Film Festival Opportunities at EAD 2014 National Gathering

March 17, 2014

-March 17, 2014 – WASHINGTON – Ecumenical Advocacy Days (EAD) is pleased to announce the 2014 Film Festival Opportunities at EAD’s 2014 National Gathering, “Jesus Weeps Resisting Violence, Building Peace,” March 21-24, 2014.

The first of two Film Festival Opportunities, EAD Film Festival I- Pray the Devil Back to Hell, will take place on Saturday, March 22, 2014 at 8:30 pm and will include a discussion led by Rev. Ann Tiemeyer, National Council of Churches. Pray the Devil Back to Hell chronicles the remarkable story of the courageous Liberian women who came together to end a bloody civil war and bring peace to their shattered country.  Thousands of women – ordinary mothers, grandmothers, aunts and daughters, both Christian and Muslim – came together to pray for peace and then staged a silent protest outside of the Presidential Palace. Armed only with white T-shirts and the courage of their convictions, they demanded a resolution to the country’s civil war. Their actions were a critical element in bringing about a agreement during the stalled peace talks.  A story of sacrifice, unity and transcendence, Pray the Devil Back to Hell honors the strength and perseverance of the women of Liberia. Inspiring, uplifting, and most of all motivating, it is a compelling testimony of how grassroots activism can alter the history of nations.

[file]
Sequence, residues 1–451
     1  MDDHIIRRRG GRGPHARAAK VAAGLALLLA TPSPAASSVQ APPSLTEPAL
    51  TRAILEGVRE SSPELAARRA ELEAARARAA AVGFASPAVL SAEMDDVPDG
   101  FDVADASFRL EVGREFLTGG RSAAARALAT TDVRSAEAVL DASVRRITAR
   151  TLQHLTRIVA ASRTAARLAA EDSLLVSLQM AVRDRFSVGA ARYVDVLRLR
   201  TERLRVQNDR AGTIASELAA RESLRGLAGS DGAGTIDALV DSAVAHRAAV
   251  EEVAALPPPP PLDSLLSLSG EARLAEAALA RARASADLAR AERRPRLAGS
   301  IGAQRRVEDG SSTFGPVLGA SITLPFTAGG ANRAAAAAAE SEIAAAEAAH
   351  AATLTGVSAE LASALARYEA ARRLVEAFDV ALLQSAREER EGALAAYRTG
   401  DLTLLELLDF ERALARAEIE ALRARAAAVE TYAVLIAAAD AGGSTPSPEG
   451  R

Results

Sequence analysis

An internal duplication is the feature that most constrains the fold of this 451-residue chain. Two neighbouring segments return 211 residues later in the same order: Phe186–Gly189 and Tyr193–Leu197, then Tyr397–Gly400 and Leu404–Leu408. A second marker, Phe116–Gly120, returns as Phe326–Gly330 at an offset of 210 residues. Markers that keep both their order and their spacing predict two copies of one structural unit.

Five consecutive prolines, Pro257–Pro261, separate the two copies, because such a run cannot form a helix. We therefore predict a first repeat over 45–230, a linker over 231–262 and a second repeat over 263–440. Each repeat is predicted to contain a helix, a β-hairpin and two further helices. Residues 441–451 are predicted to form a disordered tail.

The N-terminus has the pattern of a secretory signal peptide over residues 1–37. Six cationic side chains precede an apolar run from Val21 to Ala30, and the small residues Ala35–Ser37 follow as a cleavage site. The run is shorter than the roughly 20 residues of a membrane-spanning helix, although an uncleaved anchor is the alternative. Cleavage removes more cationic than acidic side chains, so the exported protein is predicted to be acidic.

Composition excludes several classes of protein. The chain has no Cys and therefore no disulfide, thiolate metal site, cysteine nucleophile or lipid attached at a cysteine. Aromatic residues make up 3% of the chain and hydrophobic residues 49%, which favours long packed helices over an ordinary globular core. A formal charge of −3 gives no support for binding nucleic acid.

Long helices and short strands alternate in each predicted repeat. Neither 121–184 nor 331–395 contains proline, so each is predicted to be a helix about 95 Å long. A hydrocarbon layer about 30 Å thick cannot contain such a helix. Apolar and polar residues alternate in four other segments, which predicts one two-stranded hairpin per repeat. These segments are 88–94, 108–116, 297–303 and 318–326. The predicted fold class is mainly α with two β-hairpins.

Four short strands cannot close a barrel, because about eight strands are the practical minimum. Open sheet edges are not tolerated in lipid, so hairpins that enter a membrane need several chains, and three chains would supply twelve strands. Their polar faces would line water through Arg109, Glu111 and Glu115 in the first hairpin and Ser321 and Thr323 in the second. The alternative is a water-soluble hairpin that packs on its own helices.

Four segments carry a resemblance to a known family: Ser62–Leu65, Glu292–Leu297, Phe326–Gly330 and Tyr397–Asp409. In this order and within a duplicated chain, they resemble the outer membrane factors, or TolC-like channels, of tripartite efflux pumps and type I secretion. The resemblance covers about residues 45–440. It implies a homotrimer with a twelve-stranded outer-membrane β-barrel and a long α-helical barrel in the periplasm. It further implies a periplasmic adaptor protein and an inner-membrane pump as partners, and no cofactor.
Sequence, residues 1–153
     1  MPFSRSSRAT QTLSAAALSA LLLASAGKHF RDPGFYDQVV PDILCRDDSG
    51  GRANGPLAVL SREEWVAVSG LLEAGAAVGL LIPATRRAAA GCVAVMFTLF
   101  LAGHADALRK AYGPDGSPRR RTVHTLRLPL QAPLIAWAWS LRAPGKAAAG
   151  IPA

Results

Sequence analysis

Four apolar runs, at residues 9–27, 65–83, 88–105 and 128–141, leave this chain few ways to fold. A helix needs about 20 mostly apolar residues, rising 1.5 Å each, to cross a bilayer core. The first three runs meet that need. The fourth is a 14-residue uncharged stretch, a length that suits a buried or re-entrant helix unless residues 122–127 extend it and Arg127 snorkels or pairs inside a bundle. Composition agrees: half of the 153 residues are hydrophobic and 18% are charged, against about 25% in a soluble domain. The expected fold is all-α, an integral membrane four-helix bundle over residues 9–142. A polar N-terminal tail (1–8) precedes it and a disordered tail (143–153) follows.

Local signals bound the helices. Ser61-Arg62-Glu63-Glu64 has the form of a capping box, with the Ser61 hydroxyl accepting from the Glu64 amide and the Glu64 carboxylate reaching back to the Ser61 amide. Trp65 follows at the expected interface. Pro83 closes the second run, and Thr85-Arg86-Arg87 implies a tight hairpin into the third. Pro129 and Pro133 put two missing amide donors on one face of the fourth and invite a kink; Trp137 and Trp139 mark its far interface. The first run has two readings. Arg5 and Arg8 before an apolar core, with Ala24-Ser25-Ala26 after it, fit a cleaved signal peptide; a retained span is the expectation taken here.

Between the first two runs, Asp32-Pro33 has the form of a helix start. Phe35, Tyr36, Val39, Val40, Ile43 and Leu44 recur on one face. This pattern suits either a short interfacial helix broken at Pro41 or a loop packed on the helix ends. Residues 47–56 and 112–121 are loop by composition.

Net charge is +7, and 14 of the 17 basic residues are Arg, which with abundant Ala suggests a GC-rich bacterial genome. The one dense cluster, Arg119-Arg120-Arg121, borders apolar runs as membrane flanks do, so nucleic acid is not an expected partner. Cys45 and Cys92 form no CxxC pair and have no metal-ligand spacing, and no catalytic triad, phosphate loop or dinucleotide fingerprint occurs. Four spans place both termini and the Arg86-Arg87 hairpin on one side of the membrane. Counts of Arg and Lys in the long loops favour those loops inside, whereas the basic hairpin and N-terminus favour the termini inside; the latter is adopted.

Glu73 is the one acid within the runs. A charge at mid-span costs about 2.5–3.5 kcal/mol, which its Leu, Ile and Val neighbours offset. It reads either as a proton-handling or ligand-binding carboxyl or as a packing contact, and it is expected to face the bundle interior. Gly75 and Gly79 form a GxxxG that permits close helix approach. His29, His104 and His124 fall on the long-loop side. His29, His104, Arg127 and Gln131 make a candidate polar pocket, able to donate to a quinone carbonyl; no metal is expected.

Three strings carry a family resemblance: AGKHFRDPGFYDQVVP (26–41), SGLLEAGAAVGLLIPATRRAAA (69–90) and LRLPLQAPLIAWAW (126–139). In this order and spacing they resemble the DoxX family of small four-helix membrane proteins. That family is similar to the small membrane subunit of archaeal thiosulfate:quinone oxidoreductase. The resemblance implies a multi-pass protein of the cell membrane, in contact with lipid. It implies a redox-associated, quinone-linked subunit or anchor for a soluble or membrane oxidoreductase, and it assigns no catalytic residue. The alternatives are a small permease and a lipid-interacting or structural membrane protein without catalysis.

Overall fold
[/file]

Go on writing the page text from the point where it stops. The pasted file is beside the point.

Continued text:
The second Film Festival Opportunity, EAD Film Festival II- TRIGGER: The Ripple Effect of Gun Violence, will occur on Sunday, March 23, 2014 at 9 pm, and will include a discussion led by The Presbyterian Peacemaking Program. In the United States more than 30,000 people are killed every year by gun violence; many more are wounded. The disaster caused by gun violence is seen in almost every community. We may hear briefly about the victims and survivors of these shootings, but what happens after the media attention moves on and the wider public becomes numb to “just another shooting?” The Trigger documentary frames gun violence as a “disaster” and “public health” issue.  It examines how one shooting impacts individuals, families and communities and gives voice to the questions and insights that arise.  In the documentary, all those scarred by gun violence arrived at the question, “Why did this happen to us?” After looking at these in depth experiences of gun violence, Trigger turns its attention to the question, “What can we do to prevent gun violence?”

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